As in the law of tort, the law of contract accepts that not all losses flowing from a breach of contract are necessarily recoverable. If the court decides that a loss is too “remote” you will not be able to recover for that breach of contract. The traditional principles of remoteness are set out in the case of Hadley v Baxendale. The main question to ask here is whether the loss was the type of loss within the reasonable contemplation of the parties at the time the contract was made. If not, it is likely to be too remote and as a result not recoverable. So, for example, if I agreed to sell you 500 widgets for £50 and, unbeknown to me you had agreed to sell those widgets to someone else for £500, if I failed to sell those widgets to you, you would not be able to sue me for your loss of £450 because this loss would not have been in the reasonable contemplation of the parties at the time the contract was made (assuming 500 widgets generally sell for around £50!)
A defendant to a breach of contract claim may seek to argue that the loss suffered by the innocent party is partly down to them. If successful, a claim for damages here would be reduced to such an extent as the court thinks just and equitable having regard to the innocent party’s share in responsibility for the damage.
Exceptions to the general rule
In a limited number of cases the court may also award damages which go beyond a strict measure of compensation. Examples of non-compensatory damages include nominal damages, aggravated damages, restitutionary damages and account of profits. Restitutionary damages may be awarded where there is a gain by the defendant but no measurable loss by the innocent party. Nominal damages are small, token sums which may be awarded where the innocent party has suffered no recoverable loss.
Other possible remedies for breach of contract
In addition to claiming damages for breach of contract, the court has discretion to award a non-financial, equitable remedy. Equitable remedies are awarded at the court’s discretion and will only be granted if damages would not be adequate. These non-financial equitable remedies may include an order for specific performance or an injunction. An order for specific performance compels a party to perform its contractual obligation and an injunction compels a party to refrain from doing something that would be a breach of contract.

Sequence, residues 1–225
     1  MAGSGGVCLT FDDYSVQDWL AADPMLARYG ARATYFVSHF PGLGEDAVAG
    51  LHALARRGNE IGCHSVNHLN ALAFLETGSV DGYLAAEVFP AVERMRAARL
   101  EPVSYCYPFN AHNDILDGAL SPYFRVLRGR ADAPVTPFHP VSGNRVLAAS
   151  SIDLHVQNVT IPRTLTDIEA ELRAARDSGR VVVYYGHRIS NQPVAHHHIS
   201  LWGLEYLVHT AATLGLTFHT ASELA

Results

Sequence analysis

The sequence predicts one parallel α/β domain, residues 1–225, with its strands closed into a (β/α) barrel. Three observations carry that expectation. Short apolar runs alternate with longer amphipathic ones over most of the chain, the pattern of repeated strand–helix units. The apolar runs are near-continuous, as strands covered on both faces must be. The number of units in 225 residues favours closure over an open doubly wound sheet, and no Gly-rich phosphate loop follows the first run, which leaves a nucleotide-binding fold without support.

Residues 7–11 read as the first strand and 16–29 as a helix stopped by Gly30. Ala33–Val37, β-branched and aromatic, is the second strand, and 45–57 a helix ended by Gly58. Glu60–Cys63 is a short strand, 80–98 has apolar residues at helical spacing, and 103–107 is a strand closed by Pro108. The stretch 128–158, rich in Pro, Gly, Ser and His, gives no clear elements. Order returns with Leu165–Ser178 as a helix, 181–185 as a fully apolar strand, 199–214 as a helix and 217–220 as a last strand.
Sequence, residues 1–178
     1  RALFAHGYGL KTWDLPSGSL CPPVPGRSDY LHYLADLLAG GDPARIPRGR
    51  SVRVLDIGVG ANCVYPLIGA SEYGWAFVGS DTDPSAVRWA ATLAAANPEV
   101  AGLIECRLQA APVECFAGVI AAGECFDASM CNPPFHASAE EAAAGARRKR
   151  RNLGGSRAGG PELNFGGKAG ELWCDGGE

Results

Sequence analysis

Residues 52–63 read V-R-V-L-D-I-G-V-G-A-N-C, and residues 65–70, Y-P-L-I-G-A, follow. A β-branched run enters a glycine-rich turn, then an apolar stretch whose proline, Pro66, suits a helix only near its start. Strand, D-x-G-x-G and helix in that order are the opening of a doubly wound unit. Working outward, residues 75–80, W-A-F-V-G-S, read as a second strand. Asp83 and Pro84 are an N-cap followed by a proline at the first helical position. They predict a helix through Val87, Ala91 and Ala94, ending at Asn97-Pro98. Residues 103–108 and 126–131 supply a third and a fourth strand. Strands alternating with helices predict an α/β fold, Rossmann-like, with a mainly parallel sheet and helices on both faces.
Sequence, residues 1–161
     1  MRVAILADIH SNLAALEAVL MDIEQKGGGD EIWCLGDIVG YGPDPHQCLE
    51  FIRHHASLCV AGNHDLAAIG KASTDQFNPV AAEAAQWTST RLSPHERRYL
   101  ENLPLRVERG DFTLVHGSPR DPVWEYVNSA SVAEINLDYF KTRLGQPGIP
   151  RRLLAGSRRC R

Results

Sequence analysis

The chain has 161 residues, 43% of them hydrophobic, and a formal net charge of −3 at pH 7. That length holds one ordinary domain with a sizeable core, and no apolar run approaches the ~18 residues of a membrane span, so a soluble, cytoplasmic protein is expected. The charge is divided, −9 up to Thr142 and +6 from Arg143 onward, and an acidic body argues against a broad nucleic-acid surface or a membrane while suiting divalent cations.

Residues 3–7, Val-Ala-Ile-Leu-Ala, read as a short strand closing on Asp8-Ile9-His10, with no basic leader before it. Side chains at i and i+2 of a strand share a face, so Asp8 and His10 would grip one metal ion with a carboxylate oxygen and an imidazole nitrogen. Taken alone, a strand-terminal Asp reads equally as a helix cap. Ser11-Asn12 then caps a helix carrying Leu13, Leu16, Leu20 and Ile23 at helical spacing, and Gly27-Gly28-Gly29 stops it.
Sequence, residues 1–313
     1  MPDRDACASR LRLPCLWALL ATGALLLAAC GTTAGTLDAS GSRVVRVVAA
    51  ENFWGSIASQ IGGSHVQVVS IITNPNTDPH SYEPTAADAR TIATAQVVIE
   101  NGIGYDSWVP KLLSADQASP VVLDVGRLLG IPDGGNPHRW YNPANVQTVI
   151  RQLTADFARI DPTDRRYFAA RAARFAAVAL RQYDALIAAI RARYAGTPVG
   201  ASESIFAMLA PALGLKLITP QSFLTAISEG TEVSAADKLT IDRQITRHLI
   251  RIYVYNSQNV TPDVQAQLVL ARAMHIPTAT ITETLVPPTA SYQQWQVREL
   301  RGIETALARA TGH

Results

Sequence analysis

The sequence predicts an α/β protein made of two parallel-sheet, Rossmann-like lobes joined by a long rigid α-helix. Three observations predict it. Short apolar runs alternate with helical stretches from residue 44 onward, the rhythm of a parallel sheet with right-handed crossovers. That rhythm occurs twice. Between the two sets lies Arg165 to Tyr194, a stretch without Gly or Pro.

Be careful not to waive the breach
Before pursuing a breach of contract claim, you need to make sure that you have not unintentionally waived the breach. Waiving a breach essentially means giving up your right to claim any sort of remedy and can be demonstrated by something as simple as your behaviour. Unfounded delay or waiting to bring the claim at a convenient time may be enough to constitute a waiver.
If you are thinking “there’s been a breach of contract what are we entitled to?” the first thing you should do is take legal advice. It’s important that you do not take steps that could jeopardise your claim or which could even put your own business in breach of contract. If you have any questions on breach of contract claims or dispute resolution more generally please contact Joanna McKenzie.